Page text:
We don't think of it as something final but as a picture of us at a certain stage of our maturation and growth. Sharing this picture means sharing our vision: being musicians in the most committed and passionate way. Spira mirabilis does not originate from an undetermined need of an audience: Spira mirabilis shares with the audience the reasons why it exists, and, by sharing them, gets the audience itself involved as an active part of its experience.

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Looking for people, places and meanings

1 - New people

Right from the start of our activity we consciously decided to work outside of the mainstream musical circuit: we looked for quiet and isolated venues in which we could experiment in the ways mentioned previously, and in which we could present our work to an audience very likely not to have heard the piece before: therefore lacking any kind of preconception.

In a small town it is easier to directly connect to the locals during the rehearsal period, establishing human relationships and ties which eventually culminates in the concert experience. It is always extremely touching when a Beethoven, Schubert, or Mendelssohn symphony, studied with intelligence and passion, manages to move people that have possibly never imagined to get in touch with it: for the first time we feel we are truly being listened to. We were not looking for a new audience for classical music but we think we found one, a virgin one, eager to discover and know more about it.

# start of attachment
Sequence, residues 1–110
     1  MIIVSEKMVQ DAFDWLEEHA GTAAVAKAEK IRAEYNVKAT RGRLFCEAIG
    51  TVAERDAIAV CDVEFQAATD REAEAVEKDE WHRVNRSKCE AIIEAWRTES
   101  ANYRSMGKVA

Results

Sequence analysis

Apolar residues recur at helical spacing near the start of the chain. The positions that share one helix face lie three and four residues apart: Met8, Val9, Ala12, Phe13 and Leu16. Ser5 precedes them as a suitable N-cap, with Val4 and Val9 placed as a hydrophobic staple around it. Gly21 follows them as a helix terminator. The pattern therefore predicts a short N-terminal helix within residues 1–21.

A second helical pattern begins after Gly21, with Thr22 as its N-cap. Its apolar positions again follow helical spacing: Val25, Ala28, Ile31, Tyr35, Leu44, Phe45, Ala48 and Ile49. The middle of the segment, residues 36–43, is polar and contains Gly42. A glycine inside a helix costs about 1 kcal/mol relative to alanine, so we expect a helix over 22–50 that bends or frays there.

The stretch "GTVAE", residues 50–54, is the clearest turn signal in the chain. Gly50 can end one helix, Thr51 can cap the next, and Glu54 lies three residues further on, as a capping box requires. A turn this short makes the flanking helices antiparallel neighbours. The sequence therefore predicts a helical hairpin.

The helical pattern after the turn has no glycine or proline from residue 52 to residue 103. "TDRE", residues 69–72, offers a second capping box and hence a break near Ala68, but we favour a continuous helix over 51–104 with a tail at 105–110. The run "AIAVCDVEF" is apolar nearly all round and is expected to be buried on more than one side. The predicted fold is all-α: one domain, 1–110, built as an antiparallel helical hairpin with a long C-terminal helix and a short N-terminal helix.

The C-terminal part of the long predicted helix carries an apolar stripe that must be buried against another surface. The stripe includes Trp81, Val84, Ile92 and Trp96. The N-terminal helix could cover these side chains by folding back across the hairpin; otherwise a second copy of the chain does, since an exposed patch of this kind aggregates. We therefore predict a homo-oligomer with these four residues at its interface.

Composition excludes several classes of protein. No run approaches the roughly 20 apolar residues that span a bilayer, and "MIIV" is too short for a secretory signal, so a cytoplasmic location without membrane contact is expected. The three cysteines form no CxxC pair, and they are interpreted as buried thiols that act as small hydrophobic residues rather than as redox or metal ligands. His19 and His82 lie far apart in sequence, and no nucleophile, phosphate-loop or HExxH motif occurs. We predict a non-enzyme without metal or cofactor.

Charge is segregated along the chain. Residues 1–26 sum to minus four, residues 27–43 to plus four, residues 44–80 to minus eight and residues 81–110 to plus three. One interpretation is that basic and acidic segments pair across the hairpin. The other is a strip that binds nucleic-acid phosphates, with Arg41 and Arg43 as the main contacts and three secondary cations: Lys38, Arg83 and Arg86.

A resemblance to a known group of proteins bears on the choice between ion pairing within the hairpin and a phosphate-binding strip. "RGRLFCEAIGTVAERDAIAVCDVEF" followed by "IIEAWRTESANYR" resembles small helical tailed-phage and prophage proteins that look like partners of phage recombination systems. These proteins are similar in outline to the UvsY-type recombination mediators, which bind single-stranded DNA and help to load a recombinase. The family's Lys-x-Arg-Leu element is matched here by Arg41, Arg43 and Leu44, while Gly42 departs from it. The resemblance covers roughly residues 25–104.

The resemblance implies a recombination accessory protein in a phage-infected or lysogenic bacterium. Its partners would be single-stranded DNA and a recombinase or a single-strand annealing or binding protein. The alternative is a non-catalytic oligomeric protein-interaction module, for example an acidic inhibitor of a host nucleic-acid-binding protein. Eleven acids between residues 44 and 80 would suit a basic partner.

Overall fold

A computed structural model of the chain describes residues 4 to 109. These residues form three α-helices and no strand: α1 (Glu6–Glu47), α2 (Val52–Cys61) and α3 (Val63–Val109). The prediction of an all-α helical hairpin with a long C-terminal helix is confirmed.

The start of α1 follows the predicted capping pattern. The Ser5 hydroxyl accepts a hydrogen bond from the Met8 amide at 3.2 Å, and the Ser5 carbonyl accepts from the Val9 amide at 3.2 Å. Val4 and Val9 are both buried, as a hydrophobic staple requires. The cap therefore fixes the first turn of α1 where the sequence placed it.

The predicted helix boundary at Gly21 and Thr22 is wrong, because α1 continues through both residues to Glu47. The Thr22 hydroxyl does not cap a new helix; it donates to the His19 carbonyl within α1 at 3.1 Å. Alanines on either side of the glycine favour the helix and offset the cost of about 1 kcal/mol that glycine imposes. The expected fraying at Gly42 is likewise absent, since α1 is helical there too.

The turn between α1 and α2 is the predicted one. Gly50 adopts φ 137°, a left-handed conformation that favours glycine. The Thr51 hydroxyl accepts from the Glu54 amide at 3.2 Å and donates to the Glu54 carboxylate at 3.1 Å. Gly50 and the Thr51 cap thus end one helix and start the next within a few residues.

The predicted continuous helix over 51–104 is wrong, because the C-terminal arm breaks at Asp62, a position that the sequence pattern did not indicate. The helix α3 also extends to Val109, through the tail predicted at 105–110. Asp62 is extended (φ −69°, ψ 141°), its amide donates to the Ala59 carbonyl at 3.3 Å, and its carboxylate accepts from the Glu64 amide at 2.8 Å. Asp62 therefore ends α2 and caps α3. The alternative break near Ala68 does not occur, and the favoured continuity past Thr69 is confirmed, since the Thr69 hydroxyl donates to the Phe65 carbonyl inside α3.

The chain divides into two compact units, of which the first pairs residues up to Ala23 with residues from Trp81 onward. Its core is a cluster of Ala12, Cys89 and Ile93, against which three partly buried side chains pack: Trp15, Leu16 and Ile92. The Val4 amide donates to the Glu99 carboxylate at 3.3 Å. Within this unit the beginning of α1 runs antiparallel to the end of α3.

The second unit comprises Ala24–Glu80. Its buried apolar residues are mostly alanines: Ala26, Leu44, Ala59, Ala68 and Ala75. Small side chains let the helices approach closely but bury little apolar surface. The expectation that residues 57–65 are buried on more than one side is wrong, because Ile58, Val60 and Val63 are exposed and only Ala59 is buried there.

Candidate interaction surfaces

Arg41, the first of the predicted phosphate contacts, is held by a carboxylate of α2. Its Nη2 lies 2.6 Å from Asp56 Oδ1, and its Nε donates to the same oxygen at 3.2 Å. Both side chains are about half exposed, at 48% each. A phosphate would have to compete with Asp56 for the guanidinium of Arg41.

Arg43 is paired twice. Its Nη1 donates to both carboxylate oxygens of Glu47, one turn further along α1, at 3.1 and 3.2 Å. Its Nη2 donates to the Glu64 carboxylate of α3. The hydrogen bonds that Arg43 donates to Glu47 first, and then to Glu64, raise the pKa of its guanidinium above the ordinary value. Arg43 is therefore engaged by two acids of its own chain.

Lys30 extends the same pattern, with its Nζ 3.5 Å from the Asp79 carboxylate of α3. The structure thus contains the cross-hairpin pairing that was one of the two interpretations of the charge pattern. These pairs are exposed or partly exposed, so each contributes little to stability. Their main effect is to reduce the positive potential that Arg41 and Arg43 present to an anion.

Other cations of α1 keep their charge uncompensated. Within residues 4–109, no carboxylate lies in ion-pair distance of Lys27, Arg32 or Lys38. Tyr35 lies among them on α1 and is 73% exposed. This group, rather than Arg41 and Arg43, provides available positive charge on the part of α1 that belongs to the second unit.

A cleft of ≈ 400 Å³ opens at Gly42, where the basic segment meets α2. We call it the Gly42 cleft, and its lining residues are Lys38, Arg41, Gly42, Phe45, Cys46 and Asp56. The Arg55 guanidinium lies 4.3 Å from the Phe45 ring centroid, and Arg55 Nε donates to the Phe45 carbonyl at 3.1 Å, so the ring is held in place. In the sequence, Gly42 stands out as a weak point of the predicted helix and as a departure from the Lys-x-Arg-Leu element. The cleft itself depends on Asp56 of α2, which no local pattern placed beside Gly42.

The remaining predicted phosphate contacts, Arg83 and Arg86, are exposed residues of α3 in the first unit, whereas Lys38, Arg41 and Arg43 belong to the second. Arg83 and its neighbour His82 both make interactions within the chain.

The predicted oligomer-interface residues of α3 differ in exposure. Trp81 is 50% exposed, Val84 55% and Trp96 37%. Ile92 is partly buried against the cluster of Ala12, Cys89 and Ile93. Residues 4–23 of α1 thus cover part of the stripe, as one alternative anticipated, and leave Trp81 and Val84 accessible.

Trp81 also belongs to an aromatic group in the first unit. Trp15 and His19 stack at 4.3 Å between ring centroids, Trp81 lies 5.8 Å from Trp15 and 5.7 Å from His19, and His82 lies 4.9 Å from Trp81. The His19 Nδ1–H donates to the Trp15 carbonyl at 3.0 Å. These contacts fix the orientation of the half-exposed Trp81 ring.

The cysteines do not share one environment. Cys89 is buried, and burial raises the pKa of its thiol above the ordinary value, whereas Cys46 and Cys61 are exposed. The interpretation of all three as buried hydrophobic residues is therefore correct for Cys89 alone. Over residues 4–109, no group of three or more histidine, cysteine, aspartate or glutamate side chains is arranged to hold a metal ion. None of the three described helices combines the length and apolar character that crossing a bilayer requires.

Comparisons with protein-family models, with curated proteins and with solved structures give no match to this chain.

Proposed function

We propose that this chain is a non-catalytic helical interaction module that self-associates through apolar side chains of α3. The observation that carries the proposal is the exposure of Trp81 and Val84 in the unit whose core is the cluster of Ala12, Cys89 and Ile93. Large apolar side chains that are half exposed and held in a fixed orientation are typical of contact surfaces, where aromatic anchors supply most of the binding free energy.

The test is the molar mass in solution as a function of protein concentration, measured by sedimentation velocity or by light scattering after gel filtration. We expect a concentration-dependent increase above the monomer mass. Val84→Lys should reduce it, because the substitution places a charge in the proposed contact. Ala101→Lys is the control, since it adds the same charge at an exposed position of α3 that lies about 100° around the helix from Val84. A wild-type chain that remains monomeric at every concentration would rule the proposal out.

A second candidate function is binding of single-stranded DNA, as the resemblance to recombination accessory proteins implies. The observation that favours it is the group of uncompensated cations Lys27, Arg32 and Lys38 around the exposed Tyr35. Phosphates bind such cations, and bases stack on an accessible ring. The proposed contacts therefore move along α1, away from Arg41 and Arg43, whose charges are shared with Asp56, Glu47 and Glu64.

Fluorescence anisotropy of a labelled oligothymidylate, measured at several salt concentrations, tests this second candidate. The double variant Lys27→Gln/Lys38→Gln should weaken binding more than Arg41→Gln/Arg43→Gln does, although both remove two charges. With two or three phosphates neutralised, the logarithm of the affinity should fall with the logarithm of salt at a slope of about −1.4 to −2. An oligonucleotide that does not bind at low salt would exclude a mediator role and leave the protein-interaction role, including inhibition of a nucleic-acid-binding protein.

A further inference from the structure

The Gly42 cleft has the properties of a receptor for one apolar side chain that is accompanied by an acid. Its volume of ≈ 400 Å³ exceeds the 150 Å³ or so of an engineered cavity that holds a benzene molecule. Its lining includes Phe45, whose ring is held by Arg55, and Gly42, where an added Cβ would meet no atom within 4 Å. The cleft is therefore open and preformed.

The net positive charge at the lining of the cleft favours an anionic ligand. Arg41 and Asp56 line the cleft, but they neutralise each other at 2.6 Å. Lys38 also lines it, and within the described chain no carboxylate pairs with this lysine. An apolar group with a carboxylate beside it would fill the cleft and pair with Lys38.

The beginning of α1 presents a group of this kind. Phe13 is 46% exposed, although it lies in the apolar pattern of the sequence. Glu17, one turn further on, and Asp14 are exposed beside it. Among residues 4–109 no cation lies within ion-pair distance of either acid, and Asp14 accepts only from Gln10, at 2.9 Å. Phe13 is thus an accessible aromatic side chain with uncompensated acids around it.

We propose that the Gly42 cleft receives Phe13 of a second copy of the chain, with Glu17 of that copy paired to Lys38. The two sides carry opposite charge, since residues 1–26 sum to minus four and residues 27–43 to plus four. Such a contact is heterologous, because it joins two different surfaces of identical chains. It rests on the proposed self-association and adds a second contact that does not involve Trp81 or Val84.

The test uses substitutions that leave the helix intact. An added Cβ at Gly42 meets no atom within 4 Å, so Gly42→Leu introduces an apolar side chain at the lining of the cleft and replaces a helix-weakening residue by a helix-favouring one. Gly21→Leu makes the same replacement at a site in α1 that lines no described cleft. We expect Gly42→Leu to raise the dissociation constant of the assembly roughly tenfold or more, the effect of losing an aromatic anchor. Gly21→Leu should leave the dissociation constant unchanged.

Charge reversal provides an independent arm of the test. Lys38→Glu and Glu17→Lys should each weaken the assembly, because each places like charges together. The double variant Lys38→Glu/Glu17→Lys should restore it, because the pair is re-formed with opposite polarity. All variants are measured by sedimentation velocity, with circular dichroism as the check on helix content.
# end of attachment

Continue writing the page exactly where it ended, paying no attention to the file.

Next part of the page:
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2 - New places

Classical music is often associated with a certain audience and with certain places: concert halls, theatres, etc.

Although this is not necessarily a bad thing, we felt it is just as important bringing this kind of music to people that would not usually- if ever- go to these certain places: hence our choice of finding new venues for our concerts. Coming to small towns, lacking a proper theatre or concert hall, we often end up playing concerts in places that were not designed to host an event as such; what we also do is performing short “musical intrusions” in places where you would not expect to find classical music and where people had not requested to hear it, like a bar, or the cabin of a travel ship, or a shopping mall. The harder the environmental conditions, (noise, etc.) the more we strive for the highest quality and level of playing, just like we would do in the most formal concert situations. It is not a way to show off or publicise ourselves, but only an attempt to tear down some barriers and offer people- in the most unexpected moments- the opportunity to connect

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3 - Music is a difficult language

A large percentage of people today are either not accustomed to listening to classical music, or are unwilling to stretch the boundaries of their musical experiences or what they listen to.

It is quite common today to try to captivate this kind of audience by programming either: a) a very conservative and “safe” repertory, or b) a program consisting of- as tradition has it- a “difficult” work and another one which is significantly simpler. The idea behind this kind of thinking is that music is all the same and we are able to appreciate anything. We believe that there are many problems in understanding and comprehending classical music today. In many instances the audience gets in touch with a language that may be two or three hundred years old, a language that can be partly or completely dead. It is often hard for the musicians themselves to understand the true meaning of certain music, and we believe that the first step to be taken by us as musicians is to question ourselves constantly during the rehearsal process, trying to find a message and a code to convey this message to other people. It is a process that requires a lot of energy from us and also from the audience, but we think that, for the state of the classical music world today, it is rather a crucial point in giving true meaning to the life of a musician and the experience of the listener.